- An ovarian cyst may be the causative factor in an episode of ovarian torsion. A torsed ovary is diagnosed by no blood flow to the ovary on ultrasound exam.
- A torsed ovary requires immediate surgical intervention.
Follow-Up & Special Considerations
CT scan may be used if the ultrasound is unclear or the diagnosis is uncertain.
- Traditionally, culdocentesis, or aspirating a small amount of peritoneal fluid transvaginally, has been used to diagnose the presence of fluid or hemoperitoneum from a ruptured cyst.
- Culdocentesis can also be used therapeutically as the removal of irritative blood or fluid from the abdominal cavity may relieve pain.
Should include all causes of acute abdominal pain, both gynecologic and nongynecologic, such as:
- Ectopic pregnancy
- Ovarian torsion
- Pelvic inflammatory disease
- Ovarian hyperstimulation syndrome (OHSS)
- Bowel perforation
Pain due to an uncomplicated cyst rupture is usually self-limiting and can be managed on an outpatient basis with pain medication and rest (4)[B].
NSAID medications are the most effective at relieving pain due to peritoneal irritation.
Narcotic pain medications may also be necessary acutely.
For patiets with painful, recurrent ovarian cysts, oral contraceptive pills can be prescribed to suppress ovulation. This may help prevent the formation of new cysts but will not impact cysts that have already formed (5)[A].
Issues for Referral
Referral to a gynecologic oncologist should be made in any postmenopausal female with an adnexal mass that has concerning ultrasound findings, an elevated CA-125, ascites, a nodular, fixed pelvic mass and a family history of breast or ovarian cancer. (1)[C],(3)[B]
If pain from a ruptured cyst is severe and persistent, the patient is unstable, or the diagnosis is uncertain, surgical evaluation is recommended (4)[B].
- Laparoscopy is the better choice over laparotomy because it is less-invasive, better tolerated by patients, and can usually be done on an outpatient basis. (1)[C],(3)[B]
- Surgery includes suction-evacuation of any fluid or blood found in the pelvis as well as achieving hemostasis, if needed, at the site of the cyst.
- If a cyst wall is present, it should be removed.
- In the vast majority of cases, oophorectomy is not necessary.
- Laprascopic excision of the cyst and capsule of endometriomas substantially decreases risk of recurrence (6)[A].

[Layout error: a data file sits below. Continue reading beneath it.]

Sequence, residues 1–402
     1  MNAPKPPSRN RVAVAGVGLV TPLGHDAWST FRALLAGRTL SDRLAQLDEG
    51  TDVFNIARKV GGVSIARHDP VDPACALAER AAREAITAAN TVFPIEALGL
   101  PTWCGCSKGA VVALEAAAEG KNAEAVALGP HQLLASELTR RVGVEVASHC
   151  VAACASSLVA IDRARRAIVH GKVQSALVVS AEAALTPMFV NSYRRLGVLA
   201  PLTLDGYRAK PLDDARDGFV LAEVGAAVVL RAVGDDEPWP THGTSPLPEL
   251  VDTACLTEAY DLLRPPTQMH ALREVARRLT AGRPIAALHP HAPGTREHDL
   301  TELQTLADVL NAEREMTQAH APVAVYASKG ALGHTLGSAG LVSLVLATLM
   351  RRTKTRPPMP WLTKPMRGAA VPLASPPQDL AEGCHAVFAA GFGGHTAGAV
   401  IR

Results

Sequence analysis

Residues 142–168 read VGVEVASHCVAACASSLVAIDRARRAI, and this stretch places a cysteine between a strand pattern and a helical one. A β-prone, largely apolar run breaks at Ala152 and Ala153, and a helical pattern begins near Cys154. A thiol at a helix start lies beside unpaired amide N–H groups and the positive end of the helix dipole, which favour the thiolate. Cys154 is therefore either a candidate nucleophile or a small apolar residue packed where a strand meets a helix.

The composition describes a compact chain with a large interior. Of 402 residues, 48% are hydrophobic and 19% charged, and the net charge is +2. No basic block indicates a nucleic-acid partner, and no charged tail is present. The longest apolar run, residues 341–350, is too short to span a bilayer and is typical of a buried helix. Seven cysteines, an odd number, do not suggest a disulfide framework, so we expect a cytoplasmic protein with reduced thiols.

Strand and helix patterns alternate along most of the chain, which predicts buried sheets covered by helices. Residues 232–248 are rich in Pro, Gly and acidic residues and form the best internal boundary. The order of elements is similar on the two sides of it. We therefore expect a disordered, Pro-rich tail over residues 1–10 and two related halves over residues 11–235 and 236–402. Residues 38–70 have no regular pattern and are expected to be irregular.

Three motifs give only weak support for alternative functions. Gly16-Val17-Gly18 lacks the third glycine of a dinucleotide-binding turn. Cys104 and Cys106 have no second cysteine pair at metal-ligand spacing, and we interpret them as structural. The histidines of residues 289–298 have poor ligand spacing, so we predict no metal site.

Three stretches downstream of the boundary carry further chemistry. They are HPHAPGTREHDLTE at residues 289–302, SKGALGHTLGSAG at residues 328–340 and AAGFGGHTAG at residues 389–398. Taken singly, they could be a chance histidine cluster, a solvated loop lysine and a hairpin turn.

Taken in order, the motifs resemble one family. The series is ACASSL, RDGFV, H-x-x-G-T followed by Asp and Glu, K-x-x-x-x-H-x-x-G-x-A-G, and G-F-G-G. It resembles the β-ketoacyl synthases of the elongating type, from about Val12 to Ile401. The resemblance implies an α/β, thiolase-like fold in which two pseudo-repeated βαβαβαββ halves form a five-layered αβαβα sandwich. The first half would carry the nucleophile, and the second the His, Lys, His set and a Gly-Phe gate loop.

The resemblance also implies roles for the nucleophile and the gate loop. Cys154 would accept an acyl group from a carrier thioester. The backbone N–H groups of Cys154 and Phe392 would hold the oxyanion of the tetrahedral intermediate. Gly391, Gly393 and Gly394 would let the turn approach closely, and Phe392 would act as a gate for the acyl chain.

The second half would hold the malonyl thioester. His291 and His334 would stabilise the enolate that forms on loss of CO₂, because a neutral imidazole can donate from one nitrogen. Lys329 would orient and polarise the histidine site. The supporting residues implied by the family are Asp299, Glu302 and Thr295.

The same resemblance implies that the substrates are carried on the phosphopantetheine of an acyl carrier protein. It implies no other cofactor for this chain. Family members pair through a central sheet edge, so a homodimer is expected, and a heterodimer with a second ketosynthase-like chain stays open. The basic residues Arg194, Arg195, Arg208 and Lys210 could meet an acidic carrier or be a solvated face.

- Most functional cysts resolve spontaneously without treatment and “watchful waiting” with serial transvaginal ultrasounds for 2–3 cycles is appropriate.
- If cysts fail to resolve or develop concerning ultrasound findings (increasing size or complexity, nodules, septations, excrescences), they may be pathologic and surgical evaluation is recommended (5)[A].
- Concern for malignancy: The vast majority of ruptured ovarian cysts are a result of functional cysts in reproductive-age women and the risk of malignancy is very low. See “Issues for Referral” section.
- Ovarian cysts in pregnancy:
- With the widespread use of ultrasonography during pregnancy, up to 4% of pregnant women are found to have adnexal masses, most of which are follicular cysts which spontaneously resolve by 16 weeks’ gestation.
- Less than 2% will spontaneously rupture or torse during pregnancy; however, this can lead to preterm labor and delivery, which may cause poor obstetric outcomes.
- If they are painful, are large (>8 cm), or have ultrasound characteristics that are concerning for malignancy, elective surgical evaluation can be done during the 2nd trimester. (1)[C],(3)[B]
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620.2 Other and unspecified ovarian cyst
95598005 ruptured cyst of ovary (disorder)
- Functional ovarian cysts are very common in reproductive-age women and usually resolve spontaneously in 60–90 days.
- If a cyst does rupture, the pain is usually self-limited and can be treated with oral pain medications on an outpatient basis.
- Surgery may be necessary if pain is extreme or if the patient is unstable. This usually involves laprascopically evacuating irritating fluid and blood from the abdominal cavity, achieving hemostasis, and removing the cyst wall if possible.